By default, cargo will treat any optional dependency as a feature. As of cargo 1.60, these can be disabled by declaring a feature that activates the optional dependency as dep:<name> (see RFC #3143).

On the next edition, cargo will stop exposing optional dependencies as features implicitly, requiring users to add foo = ["dep:foo"] if they still want it exposed.


While implicit features offer a low overhead way of defining features,

  • It is easy to overlook using dep: when the optional dependency is not intended to be exposed
    • Making it easy for crate authors to use the wrong syntax and be met with errors (rust-lang/cargo#10125)
    • Potentially breaking people if they are later removed (rust-lang/cargo#12687))
    • Leading to confusing choices when cargo add lists features that look the same (e.g. cargo add serde showing derive and serde_derive)
    • Leading to confusing errors for callers when they reference the dependency, instead of the feature, and things don’t work right
  • Tying feature names to dependency names is a code smell because it ties the API to the implementation
  • It requires people and tools to deal with this special case (rust-lang/cargo#10543)
    • Granted, anything having to deal with old editions will still have to deal with this

Guide-level explanation

Updated documentation:

Optional Dependencies

(Replaces the same section in the book)

Dependencies can be marked “optional”, which means they will not be compiled by default.

For example, let’s say that our 2D image processing library uses an external package to handle GIF images. This can be expressed like this:

gif = ["dep:giffy"]

giffy = { version = "0.11.1", optional = true }

This means that this dependency will only be included if the gif feature is enabled.

Note: Prior to the 202X edition, features were implicitly created for optional dependencies not referenced via dep:.

Note: Another way to optionally include a dependency is to use [platform-specific dependencies]. Instead of using features, these are conditional based on the target platform.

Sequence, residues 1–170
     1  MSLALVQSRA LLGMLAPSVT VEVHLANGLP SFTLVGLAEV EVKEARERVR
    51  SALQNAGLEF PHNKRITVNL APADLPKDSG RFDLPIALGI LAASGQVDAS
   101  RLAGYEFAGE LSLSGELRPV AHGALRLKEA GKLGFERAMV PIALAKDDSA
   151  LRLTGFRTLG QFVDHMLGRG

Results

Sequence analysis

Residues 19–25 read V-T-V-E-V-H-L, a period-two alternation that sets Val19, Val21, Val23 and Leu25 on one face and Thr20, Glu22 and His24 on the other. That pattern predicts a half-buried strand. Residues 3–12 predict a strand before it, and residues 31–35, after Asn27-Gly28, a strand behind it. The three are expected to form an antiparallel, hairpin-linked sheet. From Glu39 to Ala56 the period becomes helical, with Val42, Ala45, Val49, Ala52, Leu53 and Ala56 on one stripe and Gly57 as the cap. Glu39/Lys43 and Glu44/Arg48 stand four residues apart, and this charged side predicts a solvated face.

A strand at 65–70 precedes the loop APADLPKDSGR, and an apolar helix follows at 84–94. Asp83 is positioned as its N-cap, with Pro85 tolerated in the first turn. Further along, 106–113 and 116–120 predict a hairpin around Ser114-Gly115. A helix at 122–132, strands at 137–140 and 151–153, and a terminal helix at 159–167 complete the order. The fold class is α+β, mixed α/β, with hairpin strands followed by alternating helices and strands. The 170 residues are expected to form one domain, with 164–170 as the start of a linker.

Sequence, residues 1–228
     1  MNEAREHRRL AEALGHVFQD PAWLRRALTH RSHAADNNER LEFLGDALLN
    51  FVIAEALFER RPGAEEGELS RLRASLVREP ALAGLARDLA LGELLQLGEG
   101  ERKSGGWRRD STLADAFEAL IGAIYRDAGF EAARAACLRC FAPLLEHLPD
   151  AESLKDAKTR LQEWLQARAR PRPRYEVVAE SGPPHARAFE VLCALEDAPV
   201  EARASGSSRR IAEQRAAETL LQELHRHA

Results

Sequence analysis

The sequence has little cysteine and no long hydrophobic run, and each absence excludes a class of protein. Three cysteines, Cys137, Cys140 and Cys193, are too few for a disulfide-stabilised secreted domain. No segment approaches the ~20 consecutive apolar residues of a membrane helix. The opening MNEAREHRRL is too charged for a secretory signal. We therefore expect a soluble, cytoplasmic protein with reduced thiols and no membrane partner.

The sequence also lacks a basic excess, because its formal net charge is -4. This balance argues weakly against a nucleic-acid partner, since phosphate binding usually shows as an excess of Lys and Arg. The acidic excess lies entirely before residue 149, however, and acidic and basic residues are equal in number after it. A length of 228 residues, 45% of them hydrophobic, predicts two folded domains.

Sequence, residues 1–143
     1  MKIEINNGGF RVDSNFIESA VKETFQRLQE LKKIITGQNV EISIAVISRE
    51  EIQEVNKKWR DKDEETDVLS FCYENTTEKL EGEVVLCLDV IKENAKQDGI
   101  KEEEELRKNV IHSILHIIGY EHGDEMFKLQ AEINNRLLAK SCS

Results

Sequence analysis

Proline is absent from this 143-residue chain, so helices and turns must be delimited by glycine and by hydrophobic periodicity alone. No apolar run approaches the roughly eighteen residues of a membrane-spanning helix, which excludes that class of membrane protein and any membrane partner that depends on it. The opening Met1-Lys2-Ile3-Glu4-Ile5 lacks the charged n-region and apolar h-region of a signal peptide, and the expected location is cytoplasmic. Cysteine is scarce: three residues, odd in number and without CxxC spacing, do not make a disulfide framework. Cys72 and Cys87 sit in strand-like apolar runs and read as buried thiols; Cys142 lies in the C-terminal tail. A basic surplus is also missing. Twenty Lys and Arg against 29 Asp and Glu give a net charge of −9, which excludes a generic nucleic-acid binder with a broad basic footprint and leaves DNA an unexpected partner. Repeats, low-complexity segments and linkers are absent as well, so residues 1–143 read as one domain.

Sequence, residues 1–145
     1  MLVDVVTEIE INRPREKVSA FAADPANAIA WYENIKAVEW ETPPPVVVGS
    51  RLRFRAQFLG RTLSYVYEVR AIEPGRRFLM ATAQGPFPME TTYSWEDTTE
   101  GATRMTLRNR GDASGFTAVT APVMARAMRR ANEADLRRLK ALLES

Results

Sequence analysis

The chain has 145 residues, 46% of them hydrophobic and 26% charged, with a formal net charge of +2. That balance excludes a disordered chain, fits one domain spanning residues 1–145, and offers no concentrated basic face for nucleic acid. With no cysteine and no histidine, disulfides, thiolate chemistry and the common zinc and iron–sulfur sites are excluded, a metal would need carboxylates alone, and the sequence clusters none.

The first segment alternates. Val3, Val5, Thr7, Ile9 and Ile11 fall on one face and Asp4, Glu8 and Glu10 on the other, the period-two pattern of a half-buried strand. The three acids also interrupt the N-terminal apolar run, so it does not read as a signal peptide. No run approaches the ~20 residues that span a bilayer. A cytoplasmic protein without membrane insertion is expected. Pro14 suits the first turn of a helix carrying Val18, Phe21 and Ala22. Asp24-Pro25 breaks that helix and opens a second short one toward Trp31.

Reference-level explanation

Existing editions

As is expected for edition changes, cargo fix --edition will add foo = ["dep:foo"] features as needed. Where undesired, users can remove these and switch their references to the dependency from foo to dep:foo, dealing with the potential breaking changes.

Ideally, this will be accomplished by cargo emitting an allow-by-default warning when parsing a workspace member’s package when an optional dependency is not referenced via dep: in the features (rust-lang/cargo#9088) using the planned warning control system (rust-lang/cargo#12235). The warning will be named something like cargo::implicit_feature and be part of the cargo::rust-202X-compatibility group.

Suggested text:

implicit features for optional dependencies is deprecated and will be unavailable in the 202X edition.

This would be machine applicable with a suggestion to add foo = ["dep:foo"]. cargo fix would then insert this feature.

If that system is not ready in time, we can always hard code the change in cargo fix.

Next edition

On the next edition, this warning will be a hard error.

Suggested text:

unused optional dependency `foo`.  To use it, a feature must activate it with `dep:foo` syntax

This could be machine applicable with a suggestion to add foo = ["dep:foo"].


To help users through this, cargo add will be updated so that cargo add foo --optional will create a foo = ["dep:foo"] if its not already referenced by another features (rust-lang/cargo#11010).


  • Some boilerplate is needed for all features, rather than just a subset
  • Extra ecosystem churn on the next edition update

Rationale and alternatives

Instead of a cargo::rust-202X-compatibility group, we could put this in rust-202X-compatibility so there is one less group to enable to prepare for the next edition at the risk of user confusion over a “rust” lint controlling cargo.

Instead of an error, optional dependencies could be

  • Make optional dependencies private features (RFC #3487)
    • Seems like the need for this would be relatively low and be less obvious
    • We could still transition to this in the future
  • Allow access to the feature via #[cfg(accessible)] (RFC #2523)

Prior art

Unresolved questions

Future possibilities